Cancer treatment (radiation, chemotherapy and targeted therapies) can potentially cause adverse cardiovascular effects which can present during treatment or may have a delayed presentation up to years later. Some of cardiac complications include: heart failure, high blood pressure, arrhythmias, atherosclerosis of cardiac and carotid arteries, valvular disease, blood clots, pulmonary hypertension and pericarditis (inflammation of lining of heart). By no means am I suggesting that you do not undergo treatment for breast cancer due to fear of heart disease. I personally believe that you should follow the recommendations of your oncologist as they have spent many years studying treatment of breast cancer and they are up to date with the latest clinical trials and research regarding the different therapies – they are the experts! However, I do want you to know that there are potential cardiac risks that may require diagnostic test before the initiation of therapy and even after you are cured of your breast cancer you need to be monitored closely for prevention and treatment of heart disease. If you have had radiation therapy, chemotherapy, endocrine therapy or targeted therapies you need to be evaluated by a cardiologist to determine the potential cardiotoxicity of your cancer treatment and to determine and prevention and treatment plan for heart disease.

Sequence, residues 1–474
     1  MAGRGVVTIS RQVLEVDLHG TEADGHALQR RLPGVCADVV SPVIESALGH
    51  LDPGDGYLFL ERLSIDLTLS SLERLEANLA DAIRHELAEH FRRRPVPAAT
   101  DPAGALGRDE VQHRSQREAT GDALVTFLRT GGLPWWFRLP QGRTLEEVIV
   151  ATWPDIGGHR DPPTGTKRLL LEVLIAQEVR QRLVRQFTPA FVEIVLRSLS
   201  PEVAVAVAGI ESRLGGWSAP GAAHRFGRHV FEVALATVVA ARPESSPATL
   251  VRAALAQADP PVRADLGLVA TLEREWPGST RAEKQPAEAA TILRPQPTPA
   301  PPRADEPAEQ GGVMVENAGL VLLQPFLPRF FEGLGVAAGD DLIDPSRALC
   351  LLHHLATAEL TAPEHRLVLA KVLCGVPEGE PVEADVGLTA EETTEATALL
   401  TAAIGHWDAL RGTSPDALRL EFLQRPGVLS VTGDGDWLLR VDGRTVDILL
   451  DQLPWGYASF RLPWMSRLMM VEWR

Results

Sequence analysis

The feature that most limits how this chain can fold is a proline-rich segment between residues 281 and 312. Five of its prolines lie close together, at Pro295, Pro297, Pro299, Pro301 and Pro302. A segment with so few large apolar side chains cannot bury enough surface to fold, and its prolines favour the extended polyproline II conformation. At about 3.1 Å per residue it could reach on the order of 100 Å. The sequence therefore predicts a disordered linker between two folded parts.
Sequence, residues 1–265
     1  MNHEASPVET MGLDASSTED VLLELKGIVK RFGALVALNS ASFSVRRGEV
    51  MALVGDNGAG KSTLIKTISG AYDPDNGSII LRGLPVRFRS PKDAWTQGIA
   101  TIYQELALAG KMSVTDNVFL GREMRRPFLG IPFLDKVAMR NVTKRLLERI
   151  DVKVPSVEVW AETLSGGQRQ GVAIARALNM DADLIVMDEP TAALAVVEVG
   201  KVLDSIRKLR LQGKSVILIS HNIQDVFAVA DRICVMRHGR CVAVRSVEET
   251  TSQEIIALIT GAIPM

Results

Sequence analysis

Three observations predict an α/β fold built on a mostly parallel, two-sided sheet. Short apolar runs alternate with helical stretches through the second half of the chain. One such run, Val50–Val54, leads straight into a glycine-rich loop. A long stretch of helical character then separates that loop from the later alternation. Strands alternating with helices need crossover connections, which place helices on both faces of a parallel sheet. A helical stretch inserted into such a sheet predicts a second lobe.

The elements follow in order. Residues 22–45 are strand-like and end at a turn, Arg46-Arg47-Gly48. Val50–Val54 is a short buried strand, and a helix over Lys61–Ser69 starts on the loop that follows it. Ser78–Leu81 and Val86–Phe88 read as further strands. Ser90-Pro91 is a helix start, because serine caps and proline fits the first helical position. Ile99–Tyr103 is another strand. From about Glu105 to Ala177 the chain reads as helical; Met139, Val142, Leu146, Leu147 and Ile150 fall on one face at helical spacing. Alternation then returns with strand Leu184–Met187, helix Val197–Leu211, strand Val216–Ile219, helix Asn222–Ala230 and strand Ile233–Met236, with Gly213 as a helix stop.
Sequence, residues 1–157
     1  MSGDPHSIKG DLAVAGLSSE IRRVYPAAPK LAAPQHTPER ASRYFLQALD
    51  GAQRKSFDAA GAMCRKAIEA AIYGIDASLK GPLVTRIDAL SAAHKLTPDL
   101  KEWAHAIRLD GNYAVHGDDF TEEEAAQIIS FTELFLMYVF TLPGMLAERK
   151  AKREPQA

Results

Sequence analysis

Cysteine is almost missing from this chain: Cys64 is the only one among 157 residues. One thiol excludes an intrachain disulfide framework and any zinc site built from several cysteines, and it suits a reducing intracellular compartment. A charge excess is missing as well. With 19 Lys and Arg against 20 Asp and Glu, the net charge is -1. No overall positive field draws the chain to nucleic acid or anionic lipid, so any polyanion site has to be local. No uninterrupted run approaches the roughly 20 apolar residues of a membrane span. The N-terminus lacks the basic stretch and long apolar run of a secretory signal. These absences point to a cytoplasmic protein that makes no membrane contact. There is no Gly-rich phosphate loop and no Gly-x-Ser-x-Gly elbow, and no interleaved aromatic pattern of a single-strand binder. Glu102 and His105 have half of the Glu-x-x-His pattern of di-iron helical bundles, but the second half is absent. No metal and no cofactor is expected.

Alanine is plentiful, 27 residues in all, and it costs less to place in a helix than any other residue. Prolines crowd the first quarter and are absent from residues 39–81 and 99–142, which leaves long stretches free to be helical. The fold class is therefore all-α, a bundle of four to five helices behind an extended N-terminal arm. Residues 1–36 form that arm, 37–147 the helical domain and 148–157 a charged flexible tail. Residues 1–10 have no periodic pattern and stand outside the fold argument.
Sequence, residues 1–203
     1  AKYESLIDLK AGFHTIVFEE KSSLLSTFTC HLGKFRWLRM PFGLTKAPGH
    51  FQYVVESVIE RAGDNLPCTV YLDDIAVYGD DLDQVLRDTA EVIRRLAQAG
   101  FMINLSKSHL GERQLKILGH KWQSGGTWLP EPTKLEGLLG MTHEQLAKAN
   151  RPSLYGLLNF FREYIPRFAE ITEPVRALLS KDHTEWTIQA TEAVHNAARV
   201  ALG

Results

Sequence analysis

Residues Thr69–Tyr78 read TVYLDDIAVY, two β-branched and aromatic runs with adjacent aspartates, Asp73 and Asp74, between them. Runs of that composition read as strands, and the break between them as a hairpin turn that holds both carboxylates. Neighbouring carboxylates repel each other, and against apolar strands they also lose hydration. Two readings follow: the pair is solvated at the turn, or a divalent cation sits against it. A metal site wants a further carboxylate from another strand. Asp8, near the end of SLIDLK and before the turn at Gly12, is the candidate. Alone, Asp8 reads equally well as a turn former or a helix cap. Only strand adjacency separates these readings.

Please call to make an appointment. You can reach Dr. Noel Peterson at 252-757-3333 or 252-758-3000. Office information and business hours are listed below
Eastern Cardiology, PA
Park Place Professional Center
2090 W Arlington Blvd., Suite B
Greenville, NC 27834
(Entrance on Hemby)
Our office is open Monday through Friday, from 8:30am to 5pm.
•We know your time is valuable, but sometimes emergencies can cause delays. If we know your appointment will be affected, we will try to notify you.
•If for any reason you can not keep your appointment, please give us 24 hours notice.
•Be certain to bring any medications you are currently taking. This will allow us to accurately record your drugs and dosage.
•Insurance coverage needs to be noted, so please bring any insurance, Medicare or identification cards. Our staff will be happy to answer any questions you may have prior to your doctor visit.